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Shields and Gerson on the Week in Politics

By The NewsHour, The NewsHour - December 21, 2012

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JUDY WOODRUFF: And now to the analysis of Shields and Gerson. That's syndicated columnist Mark Shields and Washington Post columnist Michael Gerson.

David Brooks is off tonight.

Gentlemen, it's good to have you with us.

MARK SHIELDS: Good to be with you.

JUDY WOODRUFF: So, Mark, the fiscal cliff, it's still with us. It's still out there. The president made a last-minute statement late this afternoon. Where does everything stand?

MARK SHIELDS: Nobody knows, Judy.

What happened last night in the Republican Caucus is precedent-shattering. I mean, it really is, that John Boehner could not get a majority of his own caucus to support what had become the Republican position, endorsed not simply by him, but by Republican Whip Kevin McCarthy and Republican Majority Leader Eric Cantor.

And it's a real problem. I think it puts at risk Boehner's own leadership and his ability to deliver Republicans. It weakens the bargaining position for Republicans in the final negotiations. But I don't know how much closer we are, because I think it strengthens the liberals in the Democratic Caucus, which is going to make it tougher for the Republicans to accept it, because a weakened Republican means a strengthened, emboldened Democratic liberal group.

And I just think that there's too many moving parts at this point to say, this is what is going to happen.

JUDY WOODRUFF: Do you -- what do you -- can it get done, Michael? I mean, it's. . .

MICHAEL GERSON: Well, I generally agree with Mark.

And today was supposed to be the end of the world. I think it feels like it for Boehner. This is a case where he ended up with 40 to 50 members of his caucus that wouldn't support anything on this.

MICHAEL GERSON: And they were to the right of Grover Norquist. Norquist was open to the Plan B.

JUDY WOODRUFF: Because he had endorsed Plan B.

MICHAEL GERSON: Right, exactly. So, they want to go off the cliff flags flying. It marginalized Boehner and the Republicans in future negotiations, and raised a question of whether anyone can get a governing majority in the House of Representatives when it comes to the budget.

Those are really serious matters. Now, it does go to the Senate, where Harry Reid and McConnell can try to come to some, you know, functional surrender for Republicans on rates, and kick the can on a lot of other issues, and see if that can pass in the next 10 days.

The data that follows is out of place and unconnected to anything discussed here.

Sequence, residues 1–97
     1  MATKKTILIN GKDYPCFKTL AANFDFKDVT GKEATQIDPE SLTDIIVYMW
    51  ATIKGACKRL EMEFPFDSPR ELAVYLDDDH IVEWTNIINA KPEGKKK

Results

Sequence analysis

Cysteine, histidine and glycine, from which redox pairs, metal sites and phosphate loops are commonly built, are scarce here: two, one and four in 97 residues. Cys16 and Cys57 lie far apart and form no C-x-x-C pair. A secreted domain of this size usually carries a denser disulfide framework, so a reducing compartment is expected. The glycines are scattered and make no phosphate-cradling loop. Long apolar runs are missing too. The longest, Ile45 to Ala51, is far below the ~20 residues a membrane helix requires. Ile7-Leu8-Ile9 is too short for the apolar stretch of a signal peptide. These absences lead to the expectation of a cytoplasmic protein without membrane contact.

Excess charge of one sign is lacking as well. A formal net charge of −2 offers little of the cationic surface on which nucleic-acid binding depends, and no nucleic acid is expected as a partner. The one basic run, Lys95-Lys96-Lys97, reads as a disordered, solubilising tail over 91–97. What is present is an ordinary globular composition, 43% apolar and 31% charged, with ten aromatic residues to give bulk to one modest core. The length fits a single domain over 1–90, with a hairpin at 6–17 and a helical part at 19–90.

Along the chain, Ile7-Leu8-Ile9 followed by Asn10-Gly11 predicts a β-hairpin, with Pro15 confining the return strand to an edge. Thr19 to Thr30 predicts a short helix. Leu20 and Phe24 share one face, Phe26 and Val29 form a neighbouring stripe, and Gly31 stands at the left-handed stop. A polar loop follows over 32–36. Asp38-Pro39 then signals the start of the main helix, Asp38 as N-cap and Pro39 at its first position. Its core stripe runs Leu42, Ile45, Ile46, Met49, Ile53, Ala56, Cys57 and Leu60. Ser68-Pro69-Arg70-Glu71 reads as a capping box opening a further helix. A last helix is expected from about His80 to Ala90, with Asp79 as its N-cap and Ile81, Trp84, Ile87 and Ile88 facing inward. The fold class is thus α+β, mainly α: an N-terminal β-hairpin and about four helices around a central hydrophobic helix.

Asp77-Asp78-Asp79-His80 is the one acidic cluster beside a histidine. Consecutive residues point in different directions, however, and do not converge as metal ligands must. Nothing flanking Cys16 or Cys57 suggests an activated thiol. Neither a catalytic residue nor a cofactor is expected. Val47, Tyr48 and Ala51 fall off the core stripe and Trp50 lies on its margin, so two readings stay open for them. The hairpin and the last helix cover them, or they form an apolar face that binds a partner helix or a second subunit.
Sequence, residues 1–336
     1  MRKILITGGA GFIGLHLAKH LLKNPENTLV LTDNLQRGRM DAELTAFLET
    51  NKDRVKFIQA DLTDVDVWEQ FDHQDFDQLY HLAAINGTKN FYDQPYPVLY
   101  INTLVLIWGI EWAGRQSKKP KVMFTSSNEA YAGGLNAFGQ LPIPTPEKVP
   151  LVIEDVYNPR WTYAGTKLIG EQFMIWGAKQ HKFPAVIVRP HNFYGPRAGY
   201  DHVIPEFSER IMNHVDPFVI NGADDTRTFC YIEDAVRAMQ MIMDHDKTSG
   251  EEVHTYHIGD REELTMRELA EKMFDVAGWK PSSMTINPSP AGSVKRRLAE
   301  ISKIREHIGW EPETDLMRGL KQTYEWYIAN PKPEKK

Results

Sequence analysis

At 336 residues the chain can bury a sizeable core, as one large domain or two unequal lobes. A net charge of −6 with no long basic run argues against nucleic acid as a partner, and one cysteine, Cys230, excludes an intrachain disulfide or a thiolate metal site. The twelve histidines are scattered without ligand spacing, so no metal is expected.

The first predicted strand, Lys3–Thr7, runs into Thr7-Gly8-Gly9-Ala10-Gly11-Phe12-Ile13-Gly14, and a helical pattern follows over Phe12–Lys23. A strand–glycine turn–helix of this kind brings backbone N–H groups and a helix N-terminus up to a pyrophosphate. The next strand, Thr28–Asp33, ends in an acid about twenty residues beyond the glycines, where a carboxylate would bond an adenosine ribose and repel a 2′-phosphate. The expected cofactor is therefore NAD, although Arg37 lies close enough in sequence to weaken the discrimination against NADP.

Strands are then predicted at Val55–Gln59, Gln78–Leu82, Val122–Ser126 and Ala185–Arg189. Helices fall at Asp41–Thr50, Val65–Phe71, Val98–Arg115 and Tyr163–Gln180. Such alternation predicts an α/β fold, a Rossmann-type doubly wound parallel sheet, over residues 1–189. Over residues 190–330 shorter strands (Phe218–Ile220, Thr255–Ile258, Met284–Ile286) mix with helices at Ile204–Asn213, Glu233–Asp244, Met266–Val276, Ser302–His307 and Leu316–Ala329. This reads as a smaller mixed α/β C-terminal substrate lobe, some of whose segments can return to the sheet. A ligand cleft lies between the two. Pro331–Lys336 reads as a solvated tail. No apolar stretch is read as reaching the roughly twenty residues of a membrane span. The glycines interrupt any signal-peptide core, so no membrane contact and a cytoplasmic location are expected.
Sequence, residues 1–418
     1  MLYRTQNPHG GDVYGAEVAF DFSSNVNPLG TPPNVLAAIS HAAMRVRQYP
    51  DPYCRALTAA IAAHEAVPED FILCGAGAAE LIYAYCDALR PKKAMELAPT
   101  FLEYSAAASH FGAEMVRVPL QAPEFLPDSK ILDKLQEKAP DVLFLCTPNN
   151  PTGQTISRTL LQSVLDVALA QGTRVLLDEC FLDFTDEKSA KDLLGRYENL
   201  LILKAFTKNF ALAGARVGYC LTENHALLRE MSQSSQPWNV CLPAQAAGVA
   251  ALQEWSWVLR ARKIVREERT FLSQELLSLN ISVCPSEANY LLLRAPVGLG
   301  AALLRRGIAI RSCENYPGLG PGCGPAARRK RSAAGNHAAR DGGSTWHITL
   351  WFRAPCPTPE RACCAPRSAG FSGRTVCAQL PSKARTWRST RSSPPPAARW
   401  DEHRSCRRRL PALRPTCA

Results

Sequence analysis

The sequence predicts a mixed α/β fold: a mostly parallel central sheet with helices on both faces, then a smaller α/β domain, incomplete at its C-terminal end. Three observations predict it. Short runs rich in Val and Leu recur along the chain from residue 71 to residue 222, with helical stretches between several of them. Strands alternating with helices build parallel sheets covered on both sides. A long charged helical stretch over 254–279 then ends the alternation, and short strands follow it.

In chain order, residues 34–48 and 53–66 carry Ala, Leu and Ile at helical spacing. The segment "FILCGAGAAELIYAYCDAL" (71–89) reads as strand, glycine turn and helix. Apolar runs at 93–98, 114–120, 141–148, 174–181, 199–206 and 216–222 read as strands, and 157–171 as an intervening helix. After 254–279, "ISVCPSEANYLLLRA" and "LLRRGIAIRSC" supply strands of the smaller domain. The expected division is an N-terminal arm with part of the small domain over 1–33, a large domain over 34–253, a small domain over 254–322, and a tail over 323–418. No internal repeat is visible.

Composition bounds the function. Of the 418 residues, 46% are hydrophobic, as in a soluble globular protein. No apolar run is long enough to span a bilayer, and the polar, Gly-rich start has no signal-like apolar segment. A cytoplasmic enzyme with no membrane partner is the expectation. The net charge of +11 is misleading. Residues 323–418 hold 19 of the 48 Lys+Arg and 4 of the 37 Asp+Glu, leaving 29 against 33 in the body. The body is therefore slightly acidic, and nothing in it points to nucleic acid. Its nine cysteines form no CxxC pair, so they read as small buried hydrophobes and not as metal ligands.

But that still would pass -- have to pass the House. And so I think the chances of backing off, off the cliff are higher than they ever have been.

JUDY WOODRUFF: You know, I listened to some of these recalcitrant House Republicans today, Mark. And they were saying, I was not going to vote for a tax increase, when my constituents would never have gone along with that.

MARK SHIELDS: Well, I think there's two realities, here, Judy.

First of all, there's a lot of Republicans, and more than a few Democrats, who are terrified of one thing. That's being primaried, a primary opponent who is going to run on your right if you are a Republican, on your left if you are a Democrat. But it's really become a problem for Republicans, because this has been an article of faith that -- said before it is since 1990 that any Republican in the House or the Senate has voted for a tax increase on Capitol Hill, any Republican.

Now, of the 241 Republicans now in the House, 212 of them have come to the Congress since 1990. So, they have never voted for a tax increase. They don't know anybody who has voted for a tax increase. And they were being asked to vote for a tax increase for a tactical advantage on a piece of legislation that they knew the president, A., would veto, B., wouldn't pass the Senate.

JUDY WOODRUFF: Only on people earning over a million.

MARK SHIELDS: A million dollars, but they were going to give up their virginity, their political virginity, and risk a primary challenge -- that is how they saw it -- by doing this.

What they failed to address is the reality that, when you are the -- part of the governing party in any institution, the House, the Senate, anyplace else, you have a responsibility to make sure that you can govern. And what they did was, they robbed the Republicans, that 40 to 50. They robbed the Republicans of that -- that sense of leadership, of governability, and robbed them, I think, and reduced the brand of the Republican Party even more.

JUDY WOODRUFF: Is it a fundamental disagreement over what governing is?

MICHAEL GERSON: Yes, I think that that is part of it.

I think what they couldn't answer is how they are going to get a better result. . .

MARK SHIELDS: That's right.

MICHAEL GERSON: . . . after you -- when you go over the cliff, or later on in these negotiations, because they're not. This actually undermines their negotiating power and position, which -- because it is a foolish position to be in.

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